Newsmakers, February 11, 2016

Air Date:
Heard On Newsmakers
Vicki Markussen, Tim Kabat, Charley Weeth and Andy Winga
(L-R) La Crosse Area Chamber of Commerce Executive Director Vicki Markussen, La Crosse Mayor Tim Kabat, Liveable Neighborhoods President Charley Weeth and Wisconsin Department of Transportation Project Manager Andy Winga. Hope Kirwan/WPR

Coulee Region Transportation Study-

After another year of planning in the decades-old issue of how to meet the region’s transportation needs in the city of La Crosse, stakeholders in the debate said not much progress seems to be being made.

The Wisconsin Department of Transportation launched the Coulee Region Transportation Study in 2015 after the DOT’s secretary questioned the need to keep $140 million dollars that the state has earmarked, but not allocated on a major transportation projects list statewide.

The issue has largely been dormant since the 1990s when voters in the city of La Crosse overwhelmingly rejected the idea of building a new north-south road through the heart of the city that would have had an impact on neighborhoods and the La Crosse River Marsh.

After hundreds of public comments after about 100 meetings in the past year, the DOT has come up with six different options. DOT Project Manager Andy Winga said they are strategy packages are designed to solve a myriad of issues with the city’s transportation.

“The roadway part of it seems to get an awful lot of airtime,” Winga said. “But there’s a tremendous amount of other things we are looking at to create these packages that include; looking at parking management, looking at park and rides, increasing transit, increasing bikes and peds. We took, from the department’s standpoint, a pretty aggressive approach with this study, and trying to figure out how much we can reduce some of that demand (for motor vehicle traffic) by utilizing some of these measures.

La Crosse Mayor Tim Kabat said he doesn’t hear many complaints about future transportation needs, rather he hears complaints about the current situation of the city’s roadways. He said there may be a more urgent need from the state of Wisconsin to worry about the current condition of the city’s roads, and by making improvements that would lead to more biking, walking and use of mass transit, the state may find future road expansion need projections to be much less.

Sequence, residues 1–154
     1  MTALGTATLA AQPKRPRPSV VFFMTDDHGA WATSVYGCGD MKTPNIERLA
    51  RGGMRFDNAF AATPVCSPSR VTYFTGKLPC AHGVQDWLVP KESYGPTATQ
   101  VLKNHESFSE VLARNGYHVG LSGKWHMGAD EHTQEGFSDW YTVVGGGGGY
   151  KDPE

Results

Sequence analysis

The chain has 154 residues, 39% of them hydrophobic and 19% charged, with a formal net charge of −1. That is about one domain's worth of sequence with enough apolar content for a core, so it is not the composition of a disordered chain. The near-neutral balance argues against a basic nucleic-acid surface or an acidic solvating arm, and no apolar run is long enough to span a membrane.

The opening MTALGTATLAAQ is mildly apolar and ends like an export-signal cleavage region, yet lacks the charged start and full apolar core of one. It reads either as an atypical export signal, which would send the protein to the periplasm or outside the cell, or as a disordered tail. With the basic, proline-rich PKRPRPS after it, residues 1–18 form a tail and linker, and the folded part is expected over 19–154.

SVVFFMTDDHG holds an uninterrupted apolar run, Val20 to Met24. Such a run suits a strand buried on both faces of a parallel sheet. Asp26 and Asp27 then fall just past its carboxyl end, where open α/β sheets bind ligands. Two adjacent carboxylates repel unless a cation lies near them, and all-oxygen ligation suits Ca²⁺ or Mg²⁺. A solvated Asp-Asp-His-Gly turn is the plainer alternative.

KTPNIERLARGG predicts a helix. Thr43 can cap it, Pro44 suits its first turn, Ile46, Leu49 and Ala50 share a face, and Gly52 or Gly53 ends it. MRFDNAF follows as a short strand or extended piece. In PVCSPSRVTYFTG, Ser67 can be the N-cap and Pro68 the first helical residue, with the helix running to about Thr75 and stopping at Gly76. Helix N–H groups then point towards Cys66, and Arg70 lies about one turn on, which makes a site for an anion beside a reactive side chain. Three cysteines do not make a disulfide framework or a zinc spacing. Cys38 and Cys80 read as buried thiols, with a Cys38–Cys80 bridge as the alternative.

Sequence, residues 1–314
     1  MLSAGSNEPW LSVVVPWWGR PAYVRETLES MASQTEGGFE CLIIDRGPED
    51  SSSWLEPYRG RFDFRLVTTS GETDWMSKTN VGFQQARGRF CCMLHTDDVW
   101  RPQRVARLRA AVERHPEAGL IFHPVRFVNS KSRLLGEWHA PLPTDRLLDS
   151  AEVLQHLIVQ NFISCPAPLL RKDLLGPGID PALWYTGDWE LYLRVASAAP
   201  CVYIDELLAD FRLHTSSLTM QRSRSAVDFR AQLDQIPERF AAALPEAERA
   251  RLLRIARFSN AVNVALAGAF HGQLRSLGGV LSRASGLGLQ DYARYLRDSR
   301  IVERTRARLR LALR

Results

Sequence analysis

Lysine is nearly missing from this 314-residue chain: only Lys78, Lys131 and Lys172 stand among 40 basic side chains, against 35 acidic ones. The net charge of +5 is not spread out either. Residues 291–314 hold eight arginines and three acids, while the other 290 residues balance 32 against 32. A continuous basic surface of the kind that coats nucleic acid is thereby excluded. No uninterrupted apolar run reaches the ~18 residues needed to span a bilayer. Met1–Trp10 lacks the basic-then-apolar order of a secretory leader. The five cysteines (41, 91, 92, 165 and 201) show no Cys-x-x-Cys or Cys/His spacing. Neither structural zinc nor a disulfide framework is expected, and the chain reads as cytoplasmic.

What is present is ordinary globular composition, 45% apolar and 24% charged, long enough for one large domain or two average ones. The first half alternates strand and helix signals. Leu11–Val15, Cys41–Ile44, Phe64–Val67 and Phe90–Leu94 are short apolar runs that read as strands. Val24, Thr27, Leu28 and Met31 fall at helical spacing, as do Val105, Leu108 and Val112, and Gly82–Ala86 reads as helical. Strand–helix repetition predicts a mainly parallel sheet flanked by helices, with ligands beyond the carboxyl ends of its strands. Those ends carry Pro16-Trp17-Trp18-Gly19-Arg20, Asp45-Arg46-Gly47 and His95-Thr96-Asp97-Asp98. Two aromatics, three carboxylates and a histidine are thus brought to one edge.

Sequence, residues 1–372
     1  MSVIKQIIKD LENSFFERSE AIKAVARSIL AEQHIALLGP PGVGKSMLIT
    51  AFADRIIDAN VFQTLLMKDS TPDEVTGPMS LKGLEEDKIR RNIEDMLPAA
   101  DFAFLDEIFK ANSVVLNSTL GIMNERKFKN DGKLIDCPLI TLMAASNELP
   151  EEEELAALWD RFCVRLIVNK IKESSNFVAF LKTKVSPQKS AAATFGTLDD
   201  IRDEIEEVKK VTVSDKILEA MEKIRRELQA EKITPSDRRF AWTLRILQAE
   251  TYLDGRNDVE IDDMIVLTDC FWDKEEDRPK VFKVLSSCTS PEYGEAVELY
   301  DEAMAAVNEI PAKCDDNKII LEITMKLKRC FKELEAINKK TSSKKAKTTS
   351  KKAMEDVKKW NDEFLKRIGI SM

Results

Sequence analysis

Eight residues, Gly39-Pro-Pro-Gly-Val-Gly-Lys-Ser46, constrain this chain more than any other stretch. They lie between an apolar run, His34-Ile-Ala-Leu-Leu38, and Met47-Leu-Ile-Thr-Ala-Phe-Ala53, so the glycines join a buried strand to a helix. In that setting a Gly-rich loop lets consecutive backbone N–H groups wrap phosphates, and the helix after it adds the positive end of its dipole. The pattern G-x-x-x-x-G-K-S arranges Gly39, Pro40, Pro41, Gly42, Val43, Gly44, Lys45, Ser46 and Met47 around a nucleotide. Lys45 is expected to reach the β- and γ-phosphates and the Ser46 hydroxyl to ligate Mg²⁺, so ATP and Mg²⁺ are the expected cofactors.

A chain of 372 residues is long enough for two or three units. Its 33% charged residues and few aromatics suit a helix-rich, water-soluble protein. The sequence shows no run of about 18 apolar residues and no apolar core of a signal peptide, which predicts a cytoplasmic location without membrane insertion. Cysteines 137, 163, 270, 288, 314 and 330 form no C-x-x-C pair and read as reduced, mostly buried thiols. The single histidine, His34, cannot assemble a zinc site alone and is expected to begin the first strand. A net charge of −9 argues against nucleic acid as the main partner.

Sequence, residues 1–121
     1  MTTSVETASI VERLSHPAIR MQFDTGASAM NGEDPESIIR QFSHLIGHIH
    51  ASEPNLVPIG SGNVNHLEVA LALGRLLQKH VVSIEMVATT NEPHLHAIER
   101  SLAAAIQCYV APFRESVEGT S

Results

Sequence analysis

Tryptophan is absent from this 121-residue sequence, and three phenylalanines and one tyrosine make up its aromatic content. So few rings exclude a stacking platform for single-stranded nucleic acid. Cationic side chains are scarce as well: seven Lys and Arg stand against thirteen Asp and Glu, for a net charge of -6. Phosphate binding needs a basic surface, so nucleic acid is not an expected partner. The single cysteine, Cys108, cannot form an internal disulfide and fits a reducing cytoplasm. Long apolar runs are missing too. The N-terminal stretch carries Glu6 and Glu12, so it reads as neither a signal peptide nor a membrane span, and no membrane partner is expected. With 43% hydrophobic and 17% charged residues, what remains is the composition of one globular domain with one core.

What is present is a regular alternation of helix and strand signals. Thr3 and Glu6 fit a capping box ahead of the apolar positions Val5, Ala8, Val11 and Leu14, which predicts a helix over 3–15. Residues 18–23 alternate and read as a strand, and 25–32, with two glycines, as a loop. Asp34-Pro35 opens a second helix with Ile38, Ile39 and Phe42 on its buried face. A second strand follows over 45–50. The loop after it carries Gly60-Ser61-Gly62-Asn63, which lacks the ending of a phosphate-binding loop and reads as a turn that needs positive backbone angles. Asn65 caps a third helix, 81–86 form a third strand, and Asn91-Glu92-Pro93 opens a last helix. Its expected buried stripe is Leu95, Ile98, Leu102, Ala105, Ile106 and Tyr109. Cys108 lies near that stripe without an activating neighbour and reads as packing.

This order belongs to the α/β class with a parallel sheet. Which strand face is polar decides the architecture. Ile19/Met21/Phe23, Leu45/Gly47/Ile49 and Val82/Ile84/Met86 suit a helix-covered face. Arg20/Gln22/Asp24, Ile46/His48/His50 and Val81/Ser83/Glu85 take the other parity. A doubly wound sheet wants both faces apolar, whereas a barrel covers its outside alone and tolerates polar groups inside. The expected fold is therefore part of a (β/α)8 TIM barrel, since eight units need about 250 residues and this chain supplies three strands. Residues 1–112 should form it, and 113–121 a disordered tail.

Kabat credits DOT officials with taking a different approach to the issue, but he said the results are much the same as they’ve always been.

“There’s still not a consensus. We still have more work to do,” Kabat said. “From the city’s perspective, what we’re really focused on is the relationship and the importance of what transportation does to our economy and to the livability of our city and our neighborhoods and the fact that there just isn’t one single approach. I think that’s been part of the challenge.”

Opponents and supporters of building a new road through La Crosse also tend to agree that after a year of studying the issue using a new approach that a solution and agreement isn’t likely anytime soon if ever.

The group Livable Neighborhoods helped lead the charge against new road construction in the 1990s. President Charley Weeth said the current process has been a good discussion, but he also argues there is no “solution to a problem” to be had. He said many of the issues people want to see managed now involve land use decisions that were made decades ago by La Crosse’s forefathers, such as allowing neighborhoods to develop around still existing businesses.

“How do we make this work and educate everyone, employers, employees?” Weeth said. “A lot of it comes down to expectations. We are used to, in the city of La Crosse and this area, going wherever we want to go, and getting there in 10 or 12 minutes, and having free and convenient parking when we get there, and if we don’t have it, we expect the DOT to solve the problem for us just like that. Even if we expanded our roads with this $140 million, we’d still have the same expectations and the same challenges.

The La Crosse area Chamber of Commerce represents the interests of the business community in much of the Coulee Region. Executive Director Vicki Markussen said there’s no doubt many businesses feel they are losing money because traveling through La Crosse north and south remains inefficient. She said businesses want safe transportation for their employees, and lament the fact many neighborhoods have grown around them. Still, she doesn’t see much changing in the new planning process.

“People have the power to affect change, they just have to be willing to change, Markussen said. “The biggest problem in this conversation is people like their cars. You can put all the greatest pieces in place, but if people aren’t willing to change, we’re going to be continuing to have the same conversation over, and over, and over again.”

A final report on the Coulee Region Transportation Study could be completed by sometime in April, then the state DOT will have to make a decision by this summer if it’s worth going forward with more detailed study of the six alternatives. If all would go well, it could be at least another decade before the plan would be implemented.

by-John Davis

Episode Credits

  • Hope Kirwan Host
  • John Davis Producer
  • Tim Kabat Guest
  • Vicki Markussen Guest
  • Charley Weeth Guest
  • Andy Winga Guest